Alissa Fitzgerald, founder and managing member of AM Fitzgerald & Associates, will present on some of these themes Wednesday afternoon during the “What’s Next in MEMS and Sensors: Innovations to Drive the Next Generation of Growth” session (Track 2) of SEMICON’s Advanced Manufacturing Forum. Much of that growth is expected to be in sensors, microprocessors, ultra-low-power supplies, and communications chips to support the Internet of Things (IoT) connected by high-speed 5G data networks.

Flexible/Hybrid Electronics Forum at SEMICON West this year includes two full days of excellent presentations on new technologies that include thinned device processing, device/sensor integrated printing and packaging, and reliability testing and modeling. The following is the full list of forums this year:

  • Advanced Manufacturing,
  • Advanced Packaging,
  • Extended Supply-Chain,
  • Flexible/Hybrid Electronics,
  • Silicon Innovation,
  • Sustainable Manufacturing,
  • Test, and
  • World of IoT.

Partner programs include focused forums discussing trends in technology, markets, and the business of commercial IC fabrication. The industry’s default center of “More Moore” R&D is now imec in Belgium, and invited attendees of the imec technology forum (ITF) in San Francisco happening on July 11th the day before the start of SEMICON West will learn about the latest results in CMOS device shrinking from finFETs to nanowires. The next evening, French R&D and pilot manufacturing center CEA-Leti will lead a workshop detailing how to partner with the organization to bring sensor-based “More-than-Moore” technologies to market. Thursday morning will feature the Entegris Yield Breakfast Forum discussing the need for new materials handling solutions due to “Yield Enhancement Challenges in Today’s Memory IC Production.”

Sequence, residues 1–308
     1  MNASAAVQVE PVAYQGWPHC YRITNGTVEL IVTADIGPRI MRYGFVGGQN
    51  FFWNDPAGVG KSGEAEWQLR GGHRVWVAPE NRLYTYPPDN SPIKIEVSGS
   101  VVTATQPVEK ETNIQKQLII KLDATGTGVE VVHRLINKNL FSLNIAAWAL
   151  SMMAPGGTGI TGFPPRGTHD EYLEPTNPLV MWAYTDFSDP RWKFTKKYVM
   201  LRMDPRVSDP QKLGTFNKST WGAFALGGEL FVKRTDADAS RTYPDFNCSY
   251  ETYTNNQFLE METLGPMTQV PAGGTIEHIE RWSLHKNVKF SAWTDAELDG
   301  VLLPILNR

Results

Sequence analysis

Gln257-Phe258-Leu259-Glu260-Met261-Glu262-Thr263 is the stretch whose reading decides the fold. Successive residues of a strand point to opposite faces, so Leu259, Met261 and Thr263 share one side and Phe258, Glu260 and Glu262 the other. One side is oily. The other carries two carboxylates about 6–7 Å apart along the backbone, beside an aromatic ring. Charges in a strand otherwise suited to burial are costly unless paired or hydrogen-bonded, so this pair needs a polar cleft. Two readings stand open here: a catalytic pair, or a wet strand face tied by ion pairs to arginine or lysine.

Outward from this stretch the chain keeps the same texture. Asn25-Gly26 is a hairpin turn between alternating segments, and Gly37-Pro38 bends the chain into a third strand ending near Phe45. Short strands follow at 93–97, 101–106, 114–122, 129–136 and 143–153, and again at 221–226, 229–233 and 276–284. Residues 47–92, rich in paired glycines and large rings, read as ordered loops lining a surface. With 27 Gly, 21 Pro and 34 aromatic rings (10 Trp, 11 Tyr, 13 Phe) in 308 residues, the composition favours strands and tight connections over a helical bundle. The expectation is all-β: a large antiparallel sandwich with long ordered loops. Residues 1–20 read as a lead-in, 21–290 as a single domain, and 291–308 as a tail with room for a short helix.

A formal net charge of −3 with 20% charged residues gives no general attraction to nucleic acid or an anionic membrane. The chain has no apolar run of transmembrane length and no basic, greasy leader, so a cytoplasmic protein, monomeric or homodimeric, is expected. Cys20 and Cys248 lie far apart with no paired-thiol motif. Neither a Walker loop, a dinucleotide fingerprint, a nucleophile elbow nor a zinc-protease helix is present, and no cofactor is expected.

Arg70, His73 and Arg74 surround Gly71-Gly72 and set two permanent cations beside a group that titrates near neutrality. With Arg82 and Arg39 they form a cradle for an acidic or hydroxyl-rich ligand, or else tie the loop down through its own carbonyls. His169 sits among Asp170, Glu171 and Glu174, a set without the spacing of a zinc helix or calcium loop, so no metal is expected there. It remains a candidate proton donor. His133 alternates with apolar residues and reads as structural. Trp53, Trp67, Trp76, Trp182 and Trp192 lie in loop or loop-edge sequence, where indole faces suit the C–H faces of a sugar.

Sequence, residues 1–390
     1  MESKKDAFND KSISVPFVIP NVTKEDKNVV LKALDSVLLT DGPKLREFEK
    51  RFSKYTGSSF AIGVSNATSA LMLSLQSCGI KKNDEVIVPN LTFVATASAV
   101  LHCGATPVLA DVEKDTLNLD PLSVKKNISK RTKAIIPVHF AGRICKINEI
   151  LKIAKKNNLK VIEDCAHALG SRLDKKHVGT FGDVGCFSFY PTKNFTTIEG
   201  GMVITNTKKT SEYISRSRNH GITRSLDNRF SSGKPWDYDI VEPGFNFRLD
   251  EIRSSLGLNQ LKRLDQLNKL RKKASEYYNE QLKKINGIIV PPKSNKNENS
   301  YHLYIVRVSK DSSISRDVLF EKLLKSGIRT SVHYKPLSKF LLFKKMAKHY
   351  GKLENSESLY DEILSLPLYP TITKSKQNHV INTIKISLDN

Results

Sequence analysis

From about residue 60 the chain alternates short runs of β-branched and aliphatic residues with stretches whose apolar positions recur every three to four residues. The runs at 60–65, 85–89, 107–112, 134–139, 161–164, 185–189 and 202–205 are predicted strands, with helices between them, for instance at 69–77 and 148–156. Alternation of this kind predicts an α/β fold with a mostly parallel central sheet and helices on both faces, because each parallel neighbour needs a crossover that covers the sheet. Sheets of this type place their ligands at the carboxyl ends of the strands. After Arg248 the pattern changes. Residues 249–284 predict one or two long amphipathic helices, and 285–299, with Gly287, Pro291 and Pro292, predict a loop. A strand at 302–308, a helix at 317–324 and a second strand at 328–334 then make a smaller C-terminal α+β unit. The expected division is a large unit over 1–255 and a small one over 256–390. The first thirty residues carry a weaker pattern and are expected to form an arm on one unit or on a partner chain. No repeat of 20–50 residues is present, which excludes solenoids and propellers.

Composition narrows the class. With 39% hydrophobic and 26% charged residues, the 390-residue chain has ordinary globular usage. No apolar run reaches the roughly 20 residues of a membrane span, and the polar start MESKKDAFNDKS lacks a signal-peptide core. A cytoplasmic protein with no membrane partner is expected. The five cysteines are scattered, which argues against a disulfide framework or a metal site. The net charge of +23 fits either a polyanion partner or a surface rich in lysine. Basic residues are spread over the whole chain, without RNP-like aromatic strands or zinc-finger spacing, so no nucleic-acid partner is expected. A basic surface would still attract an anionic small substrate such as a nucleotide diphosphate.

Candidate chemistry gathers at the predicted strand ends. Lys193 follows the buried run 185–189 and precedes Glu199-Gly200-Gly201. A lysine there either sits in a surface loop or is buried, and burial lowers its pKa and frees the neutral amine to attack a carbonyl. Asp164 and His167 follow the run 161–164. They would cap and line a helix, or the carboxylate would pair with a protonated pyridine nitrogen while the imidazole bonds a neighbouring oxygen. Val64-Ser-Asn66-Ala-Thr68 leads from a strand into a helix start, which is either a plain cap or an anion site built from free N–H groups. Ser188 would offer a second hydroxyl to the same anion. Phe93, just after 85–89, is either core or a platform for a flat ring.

As the official event website summarizes:  We’ve deepened our reach across the full electronics manufacturing supply chain to connect you with more key players — including major industry leaders like Cisco, Samsung, Intel, Audi, Micron, and more. New players, demand generators, systems integrators, and emerging industry segments — all connecting in one place. Keynote presentations will be provided by Cisco Systems, Kateeva, and Oracle.


Omhi kept us Ultra-Clean

OhmiSadly, I just recently learned from the UCPSS 2016 website that Ohmi-sensei—Professor Doctor Tadahiro Ohmi—passed away in Sendai on 21 February 2016. As the guru of ultra-clean technology, he established the global Ultra Clean Society in 1988, founded the International Symposium of Semiconductor Manufacturing (ISSM) in 1992, served as program committee member of the UCPSS between 1992 and 2006, and was an IEEE Fellow. Ohmi was a Professor of New Industry Creation Hatchery Center at Tohoku University, after serving as a Professor at the Electronic Engineering Department, School of Engineering at Tohoku U.